Judge Martin (a former U.S. Attorney and Georgia state Assistant Attorney General) continued that the Pereira decision “emphasized” that the statute does not say that a Notice to Appear is “complete” when it contains a time and date of the hearing; rather, she quotes the Pereira decision as holding that the law defines that a document called a “Notice to Appear” must specify “at a minimum the time and date of the removal proceeding.”  The judge follows that quote with the highlight of her decision: “In other words, just as a block of wood is not a pencil if it lacks some kind of pigmented core to write with, a piece of paper is not a notice to appear absent notification of the time and place of a petitioner’s removal proceeding.”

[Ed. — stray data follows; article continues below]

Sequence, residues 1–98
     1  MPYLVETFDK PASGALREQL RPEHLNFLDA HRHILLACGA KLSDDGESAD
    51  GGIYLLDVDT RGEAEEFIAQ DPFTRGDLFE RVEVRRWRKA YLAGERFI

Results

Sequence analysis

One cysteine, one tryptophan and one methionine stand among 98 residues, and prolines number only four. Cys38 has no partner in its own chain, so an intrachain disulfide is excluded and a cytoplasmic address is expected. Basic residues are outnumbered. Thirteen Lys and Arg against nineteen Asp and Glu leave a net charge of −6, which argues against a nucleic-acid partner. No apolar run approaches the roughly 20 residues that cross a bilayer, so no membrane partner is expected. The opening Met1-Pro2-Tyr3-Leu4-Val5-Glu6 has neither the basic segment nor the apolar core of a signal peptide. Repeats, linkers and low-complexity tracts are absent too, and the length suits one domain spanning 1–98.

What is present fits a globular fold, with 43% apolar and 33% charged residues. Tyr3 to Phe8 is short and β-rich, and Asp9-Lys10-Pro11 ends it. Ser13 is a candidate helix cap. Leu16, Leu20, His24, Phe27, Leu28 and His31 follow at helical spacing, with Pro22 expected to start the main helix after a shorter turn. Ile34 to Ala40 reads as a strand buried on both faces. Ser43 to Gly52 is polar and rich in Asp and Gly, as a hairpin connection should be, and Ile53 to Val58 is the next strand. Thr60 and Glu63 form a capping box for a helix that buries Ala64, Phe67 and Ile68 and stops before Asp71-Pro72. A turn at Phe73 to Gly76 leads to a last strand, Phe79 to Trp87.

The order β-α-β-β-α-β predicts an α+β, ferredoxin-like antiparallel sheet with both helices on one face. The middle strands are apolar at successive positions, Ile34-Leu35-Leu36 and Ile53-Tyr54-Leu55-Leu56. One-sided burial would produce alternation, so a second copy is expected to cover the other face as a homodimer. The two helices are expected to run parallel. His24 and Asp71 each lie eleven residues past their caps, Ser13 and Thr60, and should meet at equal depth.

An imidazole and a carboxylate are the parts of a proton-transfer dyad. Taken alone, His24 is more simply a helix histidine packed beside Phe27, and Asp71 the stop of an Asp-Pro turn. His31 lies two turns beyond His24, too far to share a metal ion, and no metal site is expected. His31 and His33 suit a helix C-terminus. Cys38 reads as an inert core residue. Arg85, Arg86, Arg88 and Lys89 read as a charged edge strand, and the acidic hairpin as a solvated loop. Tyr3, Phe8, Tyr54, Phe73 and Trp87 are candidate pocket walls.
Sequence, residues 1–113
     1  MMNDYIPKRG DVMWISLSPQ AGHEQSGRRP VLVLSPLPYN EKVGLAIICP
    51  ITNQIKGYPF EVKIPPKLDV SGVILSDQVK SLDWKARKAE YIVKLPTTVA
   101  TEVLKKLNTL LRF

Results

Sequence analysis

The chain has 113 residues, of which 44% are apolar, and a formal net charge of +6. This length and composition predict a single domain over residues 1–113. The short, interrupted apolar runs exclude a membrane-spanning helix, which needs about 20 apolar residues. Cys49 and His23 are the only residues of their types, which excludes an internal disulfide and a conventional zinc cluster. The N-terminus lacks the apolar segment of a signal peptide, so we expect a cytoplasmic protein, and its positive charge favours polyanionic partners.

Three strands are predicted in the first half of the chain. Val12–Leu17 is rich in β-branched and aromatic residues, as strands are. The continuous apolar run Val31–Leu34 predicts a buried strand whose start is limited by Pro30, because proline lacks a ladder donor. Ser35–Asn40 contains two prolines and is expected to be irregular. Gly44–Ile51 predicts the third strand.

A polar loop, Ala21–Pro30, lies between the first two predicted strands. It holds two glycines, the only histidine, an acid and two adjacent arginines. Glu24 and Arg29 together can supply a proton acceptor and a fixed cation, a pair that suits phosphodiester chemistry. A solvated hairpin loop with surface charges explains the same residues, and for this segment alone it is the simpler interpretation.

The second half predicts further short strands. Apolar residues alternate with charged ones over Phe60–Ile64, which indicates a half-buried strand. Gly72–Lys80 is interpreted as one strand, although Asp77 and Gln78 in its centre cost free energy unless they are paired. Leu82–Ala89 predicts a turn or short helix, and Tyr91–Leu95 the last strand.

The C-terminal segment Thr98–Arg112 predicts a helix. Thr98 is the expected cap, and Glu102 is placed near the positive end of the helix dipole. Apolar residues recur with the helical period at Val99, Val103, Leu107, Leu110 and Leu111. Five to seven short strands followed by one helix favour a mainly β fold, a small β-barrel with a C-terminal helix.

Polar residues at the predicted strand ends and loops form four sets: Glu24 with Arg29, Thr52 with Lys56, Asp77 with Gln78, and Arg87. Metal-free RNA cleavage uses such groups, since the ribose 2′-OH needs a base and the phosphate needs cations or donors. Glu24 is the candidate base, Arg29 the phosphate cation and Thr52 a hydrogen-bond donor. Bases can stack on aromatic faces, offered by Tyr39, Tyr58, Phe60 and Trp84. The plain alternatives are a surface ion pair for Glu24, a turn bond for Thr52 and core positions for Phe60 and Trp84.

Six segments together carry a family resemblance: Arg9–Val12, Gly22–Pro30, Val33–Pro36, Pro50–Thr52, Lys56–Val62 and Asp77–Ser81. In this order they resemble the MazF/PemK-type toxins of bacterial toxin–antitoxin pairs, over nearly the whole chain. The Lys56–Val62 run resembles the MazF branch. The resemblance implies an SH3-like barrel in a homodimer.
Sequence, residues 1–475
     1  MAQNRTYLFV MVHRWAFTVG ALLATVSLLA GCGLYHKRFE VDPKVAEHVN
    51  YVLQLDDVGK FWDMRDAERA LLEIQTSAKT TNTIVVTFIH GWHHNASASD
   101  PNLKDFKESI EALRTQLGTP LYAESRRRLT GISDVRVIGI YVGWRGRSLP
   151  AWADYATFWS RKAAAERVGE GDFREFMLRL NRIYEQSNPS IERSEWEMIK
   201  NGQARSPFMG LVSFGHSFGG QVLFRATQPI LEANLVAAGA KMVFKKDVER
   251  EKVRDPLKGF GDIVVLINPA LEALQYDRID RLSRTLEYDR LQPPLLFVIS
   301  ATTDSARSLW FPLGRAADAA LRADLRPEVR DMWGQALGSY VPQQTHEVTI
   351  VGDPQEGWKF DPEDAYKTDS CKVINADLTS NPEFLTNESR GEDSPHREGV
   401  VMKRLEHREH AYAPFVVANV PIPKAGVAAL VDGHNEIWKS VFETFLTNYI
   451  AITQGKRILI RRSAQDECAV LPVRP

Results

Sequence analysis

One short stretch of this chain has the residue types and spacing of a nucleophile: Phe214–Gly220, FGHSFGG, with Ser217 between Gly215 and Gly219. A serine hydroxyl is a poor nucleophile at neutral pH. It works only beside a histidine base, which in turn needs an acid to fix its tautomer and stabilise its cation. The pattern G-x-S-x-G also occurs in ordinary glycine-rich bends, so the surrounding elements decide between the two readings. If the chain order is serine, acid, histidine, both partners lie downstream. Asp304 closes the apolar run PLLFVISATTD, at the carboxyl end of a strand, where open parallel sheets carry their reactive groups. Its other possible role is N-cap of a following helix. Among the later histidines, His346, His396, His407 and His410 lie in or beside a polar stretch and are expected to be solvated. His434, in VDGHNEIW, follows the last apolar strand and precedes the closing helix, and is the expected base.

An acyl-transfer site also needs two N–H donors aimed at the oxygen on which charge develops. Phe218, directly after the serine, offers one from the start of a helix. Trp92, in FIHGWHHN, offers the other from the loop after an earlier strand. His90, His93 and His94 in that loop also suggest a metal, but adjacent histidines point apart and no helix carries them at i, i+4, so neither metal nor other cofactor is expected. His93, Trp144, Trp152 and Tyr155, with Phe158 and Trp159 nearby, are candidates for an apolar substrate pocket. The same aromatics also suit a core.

As this Reuters article reported (https://www.reuters.com/article/us-usa-immigration-terminations/u-s-courts-abruptly-tossed-9000-deportation-cases-heres-why-idUSKCN1MR1HK)   enough immigration judges had a similar reading of Pereira to terminate 9,000 removal cases in the two months between the Supreme Court’s decision and the issuance of a contrary ruling by the Board of Immigration Appeals, in which the BIA’s judges, out of fear of then-Attorney General Jeff Sessions, chose appeasement of their boss over their duty to reach fair and independent decisions.

Judge Martin referenced that BIA decision, Matter of Bermudez-Cota, but stated: “This court need not defer to Bermudez-Cota if the agency’s holding is based on an unreasonable interpretation of the statutes and regulations involved, or if its holding is unambiguously foreclosed by the law...In light of Pereira and the various regulations and statutes at issue here, it may well be the case that deference is unwarranted.”